D) Designing Something Fair -- Fair Voting Lab

E) Comparing Strategies -- Monty Hall Intro
F) Comparing Strategies -- Prisoner's Dilemma (Iterative Play AI Design)
G) Comparing Strategies -- RPS and Rock Scissors (Mixed strategies)
H) Comparing Strategies -- Real life Game Theory, Nash Equilibria

I) Perfect Play -- Say 16
J) Perfect Play -- 2-pile Nim (poison points)
K) Perfect Play -- Dots and Boxes
L) Perfect Play -- Dots and Boxes AI + Tournament

Higher level Topics:
* Advanced Combinatorial Game Theory
- perfectly logical pirates
- proofs about combinatorial games
- gomoku and variants
ch3cooh: (Ball Pit)
Challenge: write up your initial instinct, then try to prove it and let me know what happens. :D
I really like this puzzle.  And I'm sure that there's a simpler proof than the one I'm using right now.


Solution )
ch3cooh: (Fringes of Chaos)
For context, I'm making an activity for high school students in an afterschool math program. The activity is aimed at estimating, understating, and working with really big numbers, and this part of the program (4 sessions) is focused on bijections and infinties, with a theme of how mathematicians think about topics that are too large or abstract to handle with intuition, and for how mathematicians make choices that shape what the mathematics we study looks like.
More Details )

The list so far:

* The approximate number of primes between 0 and 2^57,885,161 − 1 (???)
* If two 'opponents' at Go are actually collaborating to make the game as long as possible, approximately how many turns might the game last (on a 19x19 board)? (???)
* The approximate number of different chess games for which the board never returns to a previously experienced state. (???)
* The approximate number of atoms in everything living on the earth (???)

* The approximate circumference of the earth in miles (~10^4)
* The approximate number of sheets of paper in a stack as tall as the height of the Transamerica Pyramid in SF (~10^6)
* The approximate number of seconds in a human life (~10^9)
* The approximate number of people in the world right now (~10^10)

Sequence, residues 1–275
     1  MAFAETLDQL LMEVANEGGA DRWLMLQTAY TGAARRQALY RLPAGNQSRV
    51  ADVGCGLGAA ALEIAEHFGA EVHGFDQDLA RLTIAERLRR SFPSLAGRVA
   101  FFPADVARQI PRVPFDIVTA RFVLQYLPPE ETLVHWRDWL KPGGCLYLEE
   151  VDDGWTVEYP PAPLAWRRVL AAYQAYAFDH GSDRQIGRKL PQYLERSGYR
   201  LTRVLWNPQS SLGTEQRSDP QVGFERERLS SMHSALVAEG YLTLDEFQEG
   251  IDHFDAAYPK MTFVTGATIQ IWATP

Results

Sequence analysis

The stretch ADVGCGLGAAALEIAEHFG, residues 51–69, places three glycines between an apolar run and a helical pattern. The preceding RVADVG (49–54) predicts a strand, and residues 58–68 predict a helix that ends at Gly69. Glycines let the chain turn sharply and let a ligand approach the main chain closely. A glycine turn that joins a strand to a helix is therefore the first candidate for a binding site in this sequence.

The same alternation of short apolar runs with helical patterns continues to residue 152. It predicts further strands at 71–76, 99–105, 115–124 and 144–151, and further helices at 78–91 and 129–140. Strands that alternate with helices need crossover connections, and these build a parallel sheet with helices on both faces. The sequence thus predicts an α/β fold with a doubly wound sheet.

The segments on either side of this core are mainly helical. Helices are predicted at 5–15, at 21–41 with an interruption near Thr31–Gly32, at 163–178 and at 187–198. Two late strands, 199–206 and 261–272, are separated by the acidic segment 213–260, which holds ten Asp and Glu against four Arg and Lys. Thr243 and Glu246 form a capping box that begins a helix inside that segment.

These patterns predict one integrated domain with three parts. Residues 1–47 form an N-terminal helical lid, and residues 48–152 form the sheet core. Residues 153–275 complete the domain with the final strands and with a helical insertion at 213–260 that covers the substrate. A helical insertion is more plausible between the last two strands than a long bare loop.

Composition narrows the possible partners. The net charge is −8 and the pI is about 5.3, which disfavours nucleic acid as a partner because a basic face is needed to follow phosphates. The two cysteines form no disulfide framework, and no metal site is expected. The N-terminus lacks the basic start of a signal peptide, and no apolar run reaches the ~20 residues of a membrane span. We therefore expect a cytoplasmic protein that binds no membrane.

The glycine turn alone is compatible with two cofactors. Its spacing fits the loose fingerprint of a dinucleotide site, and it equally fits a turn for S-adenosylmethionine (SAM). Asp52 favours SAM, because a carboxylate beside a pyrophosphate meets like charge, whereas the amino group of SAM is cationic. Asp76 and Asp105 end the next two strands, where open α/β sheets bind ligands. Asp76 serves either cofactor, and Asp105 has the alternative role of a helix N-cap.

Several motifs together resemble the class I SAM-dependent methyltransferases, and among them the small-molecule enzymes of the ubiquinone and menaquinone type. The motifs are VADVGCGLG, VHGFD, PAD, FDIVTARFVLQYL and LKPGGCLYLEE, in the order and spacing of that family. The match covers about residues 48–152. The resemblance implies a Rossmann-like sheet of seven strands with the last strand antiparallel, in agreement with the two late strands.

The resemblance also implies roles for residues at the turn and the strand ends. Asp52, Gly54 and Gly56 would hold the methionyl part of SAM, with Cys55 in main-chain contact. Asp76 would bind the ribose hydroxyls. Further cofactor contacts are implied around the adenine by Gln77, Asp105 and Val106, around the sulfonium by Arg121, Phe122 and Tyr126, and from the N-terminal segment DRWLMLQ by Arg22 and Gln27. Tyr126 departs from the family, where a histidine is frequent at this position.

* The approximate number of neurons in a human brain (~10^11)
* The approximate number of seconds between now and when a dinosaur last lived (~10^15)
* The approximate number of ants in the world right now (~10^16)
* The approximate number of calculations that can be done by the world's current fastest computer (The Tianhe-2 supercomputer) in 1 minute (~10^18)
* The approximate number of stars in the universe (~10^30)
* The approximate number of atoms in the earth and everything on it (~10^50)
* The approximate number of different ways a deck of 52 cards might be shuffled (~10^68)
* The approximate predicted number of atoms in the universe (~10^80)
* The approximate number of rabbits that would exist in the universe after a year if, starting with 2 rabbits, ever day, every pair of rabbits alive mate and produce 6 offspring, and no rabbits ever die. (~10^219)
* The approximate value of the largest known prime number (~10^17425169)

See more at my ask MetaFilter page.
ch3cooh: (Fringes of Chaos)
These pictures are from the Elementary math circle program at SFSU.  It's a class I teach every Thursday with a coteacher, Josh R. :)  I have never taught with a coteacher this extensively before -- it's awesome!  One of the best parts is that he and I have very different mathematical backgrounds, so whereas the Graph Theory class I'm prepping for next week is foreign content for him, the past 3 weeks that we've spent studying sequences, building up the the Collatz conjecture is new content for me.

The ribbons the students (and instructors) are playing in are sequcens that start with any number of the students' choosing and then progress using the following rules:  If the latest number is even, divide it by 2 to find the next number.  If the latest number is odd, multiply it by three and then add one to find the next number.  The magic is that, so far, every initial choice of a number eventually leads to the same behavior - eventually, the sequence trickles down to the cycle 4-2-1.  But it's unproven if this is true for ALL numbers... it just works for all of the billions tested so far. :D  And sometimes it takes a while for the sequence to get down to that cycle.  For example, our TA chose to start with the number 231 which has a sequence that goes for 127 steps before cycling.

I want to try a similar session out with an older group and combine it with logic tables of pairity. :)  And I think this might be the last part of an "infinity" curriculum that I've been trying to piece together! :D

20141016_180015 20141016_181753 20141016_181547
ch3cooh: (Ball Pit)